The Mask story is confusing and Badger hints at revealing things, but never really does. Badger opens the story with a big discussion of art, but continues using his regular Mask style for the story. It works. The opening is almost cute, but not.

CREDITS

Captain Crusader; writer and artist, Gary Martin; letterer, David Jackson. The Mask; writer and artist, Mark Badger; letterer, Tim Harkins. Babes ‘n Arms; writer, Randy Stradley; artist, Michael Ebert; letterer, David Jackson. Editor, Randy Stradley; publisher, Dark Horse Comics.

Dark Horse Presents 14 (January 1988)

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Reading Mr. Monster, I thought a lot about how much I love Will Eisner’s Spirit in black and white. Not because Gilbert’s art in any way reminds of Eisner, but because it doesn’t. Because instead of publishing wonderful black and white comics, Dark Horse Presents is publishing Gilbert’s Mr. Monster and it looks like pencils run through the photocopier to darken it. Art aside, it’s still atrocious.

The Concrete story is completely depressing. While visiting his parents’ grave, Concrete contemplates his future. It’s bleak. Chadwick’s art isn’t particularly special here (why is Concrete the one thing he doesn’t draw well), but it’s one heck of a lovely downer.

Badger’s Mask story is just a filler, maybe announcing Badger’s leaving or maybe not. It’s hard to tell.

Nelson has a one page Dinosaur Tales, which is more design than anything else, but still nice.

That Mr. Monster story was really awful.

CREDITS

Concrete, Now is Now; writer and artist, Paul Chadwick; letterer, Bill Spicer. The Mask, Gone Fishing!; writer and artist, Mark Badger; letterer, David Jackson. Mr. Monster, His World; writer and artist, Michael T. Gilbert; letterer, Ken Bruzenak. Dinosaur Tales; writer and artist, Mark A. Nelson. Editor, Randy Stradley; publisher, Dark Horse Comics.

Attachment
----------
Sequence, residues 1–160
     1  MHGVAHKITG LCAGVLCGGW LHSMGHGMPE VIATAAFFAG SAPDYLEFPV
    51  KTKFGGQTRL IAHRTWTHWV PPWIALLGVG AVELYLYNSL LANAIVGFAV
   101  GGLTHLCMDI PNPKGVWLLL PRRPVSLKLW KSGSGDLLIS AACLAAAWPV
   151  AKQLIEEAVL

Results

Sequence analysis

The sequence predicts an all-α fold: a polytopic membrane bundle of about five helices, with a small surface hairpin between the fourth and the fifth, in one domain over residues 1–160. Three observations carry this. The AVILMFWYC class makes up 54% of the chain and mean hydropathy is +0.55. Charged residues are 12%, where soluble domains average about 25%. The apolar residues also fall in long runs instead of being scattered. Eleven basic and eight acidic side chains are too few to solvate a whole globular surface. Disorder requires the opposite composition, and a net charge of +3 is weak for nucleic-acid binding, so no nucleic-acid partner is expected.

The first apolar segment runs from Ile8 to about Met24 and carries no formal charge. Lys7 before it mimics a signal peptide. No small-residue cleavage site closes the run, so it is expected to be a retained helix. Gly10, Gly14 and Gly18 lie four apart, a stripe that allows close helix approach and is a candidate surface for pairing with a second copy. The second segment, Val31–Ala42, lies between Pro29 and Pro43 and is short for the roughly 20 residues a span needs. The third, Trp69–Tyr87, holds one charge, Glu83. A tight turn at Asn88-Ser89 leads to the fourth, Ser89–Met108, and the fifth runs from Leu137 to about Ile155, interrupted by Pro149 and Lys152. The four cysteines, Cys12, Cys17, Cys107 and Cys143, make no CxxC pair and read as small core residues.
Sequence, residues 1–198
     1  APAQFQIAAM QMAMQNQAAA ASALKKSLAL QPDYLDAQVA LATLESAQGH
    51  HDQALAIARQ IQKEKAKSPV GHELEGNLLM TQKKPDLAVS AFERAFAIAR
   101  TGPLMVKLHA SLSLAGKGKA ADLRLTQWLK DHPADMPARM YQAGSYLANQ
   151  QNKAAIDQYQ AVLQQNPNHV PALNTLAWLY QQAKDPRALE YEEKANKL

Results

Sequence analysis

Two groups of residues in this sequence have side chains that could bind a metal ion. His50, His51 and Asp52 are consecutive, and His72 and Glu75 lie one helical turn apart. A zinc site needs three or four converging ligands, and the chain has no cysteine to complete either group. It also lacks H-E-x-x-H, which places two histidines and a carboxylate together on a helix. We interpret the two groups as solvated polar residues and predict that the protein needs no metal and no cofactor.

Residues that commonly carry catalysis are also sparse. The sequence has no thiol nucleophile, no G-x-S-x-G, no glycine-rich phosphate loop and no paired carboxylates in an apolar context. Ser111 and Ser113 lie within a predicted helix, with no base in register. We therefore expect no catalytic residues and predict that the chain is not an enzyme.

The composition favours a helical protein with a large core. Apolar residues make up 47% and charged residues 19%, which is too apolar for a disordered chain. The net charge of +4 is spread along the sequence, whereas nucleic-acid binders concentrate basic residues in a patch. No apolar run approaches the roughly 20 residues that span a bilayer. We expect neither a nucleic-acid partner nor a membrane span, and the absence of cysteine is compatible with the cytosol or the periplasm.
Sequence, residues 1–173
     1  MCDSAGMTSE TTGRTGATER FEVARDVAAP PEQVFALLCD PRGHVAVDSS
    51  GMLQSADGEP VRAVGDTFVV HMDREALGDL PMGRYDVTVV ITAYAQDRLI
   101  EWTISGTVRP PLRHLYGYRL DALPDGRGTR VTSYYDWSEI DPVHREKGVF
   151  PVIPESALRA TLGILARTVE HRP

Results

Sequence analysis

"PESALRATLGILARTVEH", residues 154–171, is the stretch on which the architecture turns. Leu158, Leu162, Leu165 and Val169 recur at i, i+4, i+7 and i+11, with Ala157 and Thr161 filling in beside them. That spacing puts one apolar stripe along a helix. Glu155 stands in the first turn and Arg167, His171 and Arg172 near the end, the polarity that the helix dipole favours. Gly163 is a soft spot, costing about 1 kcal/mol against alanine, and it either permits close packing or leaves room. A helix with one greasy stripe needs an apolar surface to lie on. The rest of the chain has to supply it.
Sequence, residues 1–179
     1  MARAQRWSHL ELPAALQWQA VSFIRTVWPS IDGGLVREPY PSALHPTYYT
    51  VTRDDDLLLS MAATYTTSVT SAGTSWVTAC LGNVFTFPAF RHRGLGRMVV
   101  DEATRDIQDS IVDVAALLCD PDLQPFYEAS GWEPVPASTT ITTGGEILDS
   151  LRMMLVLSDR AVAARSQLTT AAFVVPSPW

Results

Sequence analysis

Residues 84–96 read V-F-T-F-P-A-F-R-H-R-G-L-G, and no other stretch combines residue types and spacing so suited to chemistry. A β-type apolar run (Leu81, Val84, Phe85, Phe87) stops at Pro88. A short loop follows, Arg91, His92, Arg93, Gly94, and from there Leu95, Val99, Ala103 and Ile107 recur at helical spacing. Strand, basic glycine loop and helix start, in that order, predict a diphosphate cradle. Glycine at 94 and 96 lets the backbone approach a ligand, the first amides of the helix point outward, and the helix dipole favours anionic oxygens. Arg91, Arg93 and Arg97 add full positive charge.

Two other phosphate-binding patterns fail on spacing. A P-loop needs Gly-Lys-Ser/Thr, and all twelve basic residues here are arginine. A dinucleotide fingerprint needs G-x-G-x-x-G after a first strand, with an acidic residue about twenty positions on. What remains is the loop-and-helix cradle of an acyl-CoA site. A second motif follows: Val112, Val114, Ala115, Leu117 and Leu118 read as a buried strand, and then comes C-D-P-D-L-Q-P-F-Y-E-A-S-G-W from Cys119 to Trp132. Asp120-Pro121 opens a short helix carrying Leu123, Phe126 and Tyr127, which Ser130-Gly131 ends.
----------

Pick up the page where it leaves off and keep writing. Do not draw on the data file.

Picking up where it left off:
Dark Horse Presents 13 (December 1987)

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At least there’s a Mask story this issue because the rest of it is just atrocious. Since I’ve already started with The Mask, I’ll finish it up. Badger doesn’t write as strongly here and his meta approaches to the storytelling, bookending the story, don’t help. But it’s still compelling and solid.

However, I don’t even know where to start with Babes ‘n Arms, which appears to be Dark Horse’s attempt to do an unfunny manga with girls in bikinis. Sure, they seem stupid, but they’re the only ones who can take down a rampaging giant robot. Dark Horse owns the property–according to the indicia–which I found interesting.

Captain Crusader finishes the issue. It’s this painfully mediocre “real life” superhero thing. Guy runs around New York in lycra as a publicity stunt, ends up getting beat up. All “reality” goes out the window when it opens with him hopping roof tops.

CREDITS

Babes ‘n Arms; writer, Jon Lee; penciller, Michael Ebert; inker, Robert Caracol; letterer, Pat Brosseau. The Mask; writer and artist, Mark Badger; letterer, Tim Harkins. Captain Crusader; writer and artist, Gary Martin; letterer, David Jackson. Editor, Randy Stradley; publisher, Dark Horse Comics.